Charles F. (Charles Fletcher) Dole.

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CERTAIN POSITIVE CONCLUSIONS 79

live nobly, while fearless of death. Our ideal
embraces both the Hebraic and the Classic type
in a larger pattern than either. This is a dif-
ferent ideal from that which the name of Jesus
represents. It is absolutely essential to teach
this ideal to our generation with freedom and
heartiness.

As a matter of fact the world of Christen-
dom has never taken Jesus' life seriously as a
possible life to pattern after. The world does
not now take it in earnest. "Ah," men say,
when Jesus is mentioned, "His life was out of
the common. It was supernatural. No one
else could do as he did; no one can be like him."
The words, the "leadership of Jesus" in certain
mottoes doubtless set before most people the
figure of a somewhat exalted personage, walk-
ing in advance and apart from the rest of the
world. Do our Sunday school children think
that Jesus ever smiled? He is mostly an un-
real man, with an unreal or quite exceptional
mission. This is unfortunate for the teaching
of the art of the good life as normal and glad-
some. People actually come to use the excep-
tional character of Jesus' life as an excuse



SO WHAT WE KNOW ABOUT JESUS

for doing nothing practical with his noblest
teachings !

More important yet, as we have already
shown, there are very naturally elements in
the story of the actual Jesus which appear seri-
ously misleading and even unethical in the light
of our best spiritual truth. Men call Jesus'
example difficult and "unpractical" on the side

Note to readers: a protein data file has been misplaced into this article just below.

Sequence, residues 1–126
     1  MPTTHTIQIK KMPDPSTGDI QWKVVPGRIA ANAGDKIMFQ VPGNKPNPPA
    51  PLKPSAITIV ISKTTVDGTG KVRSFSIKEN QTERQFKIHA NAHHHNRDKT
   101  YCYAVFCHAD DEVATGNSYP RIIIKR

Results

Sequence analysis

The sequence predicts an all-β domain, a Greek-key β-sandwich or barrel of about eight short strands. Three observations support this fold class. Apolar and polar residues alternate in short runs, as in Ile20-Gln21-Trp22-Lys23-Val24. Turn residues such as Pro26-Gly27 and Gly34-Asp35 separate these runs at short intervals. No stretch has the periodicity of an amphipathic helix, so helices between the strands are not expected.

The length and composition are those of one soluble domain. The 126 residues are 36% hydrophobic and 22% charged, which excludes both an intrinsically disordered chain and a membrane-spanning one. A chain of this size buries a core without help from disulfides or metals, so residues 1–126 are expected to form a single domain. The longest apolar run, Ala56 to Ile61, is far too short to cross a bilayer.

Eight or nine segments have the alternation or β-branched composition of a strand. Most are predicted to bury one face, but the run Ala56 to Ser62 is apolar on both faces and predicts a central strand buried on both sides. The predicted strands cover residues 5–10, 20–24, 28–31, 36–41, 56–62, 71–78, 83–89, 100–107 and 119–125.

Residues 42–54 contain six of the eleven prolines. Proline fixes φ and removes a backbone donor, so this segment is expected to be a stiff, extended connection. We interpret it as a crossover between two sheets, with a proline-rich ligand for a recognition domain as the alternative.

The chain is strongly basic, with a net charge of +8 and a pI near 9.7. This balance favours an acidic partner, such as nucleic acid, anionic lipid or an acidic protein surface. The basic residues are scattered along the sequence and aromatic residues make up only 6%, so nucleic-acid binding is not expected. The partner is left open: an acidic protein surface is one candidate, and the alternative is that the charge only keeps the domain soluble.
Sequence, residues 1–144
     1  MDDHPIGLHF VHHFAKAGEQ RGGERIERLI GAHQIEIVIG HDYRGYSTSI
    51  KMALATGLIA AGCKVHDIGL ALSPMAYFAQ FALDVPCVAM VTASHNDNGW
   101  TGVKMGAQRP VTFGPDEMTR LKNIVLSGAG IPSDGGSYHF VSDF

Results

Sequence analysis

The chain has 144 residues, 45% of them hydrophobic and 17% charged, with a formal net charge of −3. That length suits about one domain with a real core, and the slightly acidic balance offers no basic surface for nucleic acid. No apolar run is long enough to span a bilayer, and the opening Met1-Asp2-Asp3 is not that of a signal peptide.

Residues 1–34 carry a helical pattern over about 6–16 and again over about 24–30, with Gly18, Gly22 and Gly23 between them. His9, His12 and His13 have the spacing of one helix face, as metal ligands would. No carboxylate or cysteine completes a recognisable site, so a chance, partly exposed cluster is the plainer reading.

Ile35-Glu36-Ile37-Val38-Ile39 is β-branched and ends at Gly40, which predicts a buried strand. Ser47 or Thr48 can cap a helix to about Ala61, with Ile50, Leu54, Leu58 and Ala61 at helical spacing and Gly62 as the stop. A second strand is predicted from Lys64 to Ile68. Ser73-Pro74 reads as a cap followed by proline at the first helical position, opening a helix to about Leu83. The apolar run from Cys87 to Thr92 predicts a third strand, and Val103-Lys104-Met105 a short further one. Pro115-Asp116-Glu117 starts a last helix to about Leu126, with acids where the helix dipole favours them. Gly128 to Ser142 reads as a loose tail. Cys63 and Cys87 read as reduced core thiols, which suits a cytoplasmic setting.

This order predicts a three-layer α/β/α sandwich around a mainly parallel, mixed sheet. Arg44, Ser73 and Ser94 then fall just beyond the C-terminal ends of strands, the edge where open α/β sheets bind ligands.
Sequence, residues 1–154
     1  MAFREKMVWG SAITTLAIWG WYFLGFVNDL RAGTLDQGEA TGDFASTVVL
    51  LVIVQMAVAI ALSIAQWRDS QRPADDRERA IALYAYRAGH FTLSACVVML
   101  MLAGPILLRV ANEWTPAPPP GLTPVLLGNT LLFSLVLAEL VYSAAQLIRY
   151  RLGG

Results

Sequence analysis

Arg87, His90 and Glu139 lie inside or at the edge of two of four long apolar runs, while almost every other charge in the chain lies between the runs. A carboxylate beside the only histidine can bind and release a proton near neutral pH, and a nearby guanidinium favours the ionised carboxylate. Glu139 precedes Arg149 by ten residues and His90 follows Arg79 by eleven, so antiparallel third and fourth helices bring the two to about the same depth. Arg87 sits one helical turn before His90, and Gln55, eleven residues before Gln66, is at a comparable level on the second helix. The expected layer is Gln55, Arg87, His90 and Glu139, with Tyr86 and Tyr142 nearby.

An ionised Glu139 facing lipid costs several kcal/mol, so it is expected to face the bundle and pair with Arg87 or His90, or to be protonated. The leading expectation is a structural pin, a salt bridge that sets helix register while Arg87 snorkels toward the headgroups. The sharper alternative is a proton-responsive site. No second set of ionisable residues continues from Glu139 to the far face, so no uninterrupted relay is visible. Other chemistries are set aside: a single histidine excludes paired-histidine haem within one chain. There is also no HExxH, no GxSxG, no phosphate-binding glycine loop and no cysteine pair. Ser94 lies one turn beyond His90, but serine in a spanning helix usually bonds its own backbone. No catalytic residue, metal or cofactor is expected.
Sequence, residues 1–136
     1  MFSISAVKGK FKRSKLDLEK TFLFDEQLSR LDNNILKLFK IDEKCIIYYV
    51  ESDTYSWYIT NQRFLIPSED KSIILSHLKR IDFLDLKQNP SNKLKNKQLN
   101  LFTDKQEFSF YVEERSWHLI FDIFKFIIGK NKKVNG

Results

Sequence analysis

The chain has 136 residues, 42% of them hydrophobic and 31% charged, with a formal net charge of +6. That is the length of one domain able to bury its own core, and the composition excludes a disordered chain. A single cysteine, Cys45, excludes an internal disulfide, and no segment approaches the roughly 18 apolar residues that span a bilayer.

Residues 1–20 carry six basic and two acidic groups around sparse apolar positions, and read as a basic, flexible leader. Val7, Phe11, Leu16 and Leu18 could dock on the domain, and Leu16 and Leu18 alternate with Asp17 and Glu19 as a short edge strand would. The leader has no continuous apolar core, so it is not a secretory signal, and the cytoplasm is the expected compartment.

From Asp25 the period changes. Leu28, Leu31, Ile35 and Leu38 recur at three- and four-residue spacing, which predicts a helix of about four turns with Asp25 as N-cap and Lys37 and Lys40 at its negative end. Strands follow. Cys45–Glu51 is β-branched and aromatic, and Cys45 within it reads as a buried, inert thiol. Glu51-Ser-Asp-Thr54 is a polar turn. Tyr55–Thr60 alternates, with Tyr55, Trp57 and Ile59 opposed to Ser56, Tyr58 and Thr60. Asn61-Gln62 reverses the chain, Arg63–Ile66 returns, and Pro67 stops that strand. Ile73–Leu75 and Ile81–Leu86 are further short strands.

of his faith, his sense of duty, his devotion,
his non-resistance, but they constantly cite his
frequent use of anger and denunciation. We
cannot afford any longer to let them quote that
unlovely passage about his driving out the
money-changers from the temple, whenever jus-
tification is wanted for bitter words, for a quar-
rel or a war. We cannot permit men to use
Jesus' mighty example for calling their fel-
lows hypocrites and "a generation of vipers";
we cannot let them quote his authority for buy-
ing swords. 2

Men have indeed often put a high use to the
question : "What would Jesus do?" as a mode
of guidance in problems of conduct. What

2 Luke xxii. 36. But compare the fine passage Matt, xxvi
52.



CERTAIN POSITIVE CONCLUSIONS 8 1

they really mean is what would the most per-
fect man do? They evidently cannot know
what the actual Jesus would have done for ex-
ample, with the problem of temperance in the
United States, or with the backward races, or
even with legislation upon the subject of di-
vorce. Each man proposes as Jesus' pre-
sumable answer the judgment of his own con-
science. The Italian Roman Catholic or
German Lutheran sees no moral difficulty in the
story that Jesus made wine out of water and
prescribed the perpetual use of wine in the
sacrament of the Eucharist. Millions of peo-
ple in America on the other hand see in wine
no longer the symbol of pure joy but of de-
grading temptation. Such considerations sug-
gest the absence of any express or infallible
ethical standard to which men may resort as to
an oracle and have an answer to their ques-
tions free of the costly discipline of thought, ex-
perience and sympathy. Is not this because
ethical and spiritual development, so far from
being based on a set of finite rules, is an end-
less process of movement toward the conception
of an infinite Good Will? The loss of per-



82 WHAT WE KNOW ABOUT JESUS

sonal acquaintance with the actual Jesus, — a
man who stands in the past, — is in fact the
facing about towards the noblest ideal of the
living God.

Meanwhile the need and the sense of per-
sonal companionship in the good life do not
depend at all upon the belief in Jesus as the only
perfect man. Who does not have the ideal
companionship of actual friends among the liv-
ing as well as among the departed? In other
words, we steady our consciences many a time
by asking: What would my father or my
mother, my wife or my friend do and say in
this emergency? This appeal of the imagina-
tion is as effective as it is to ask : What would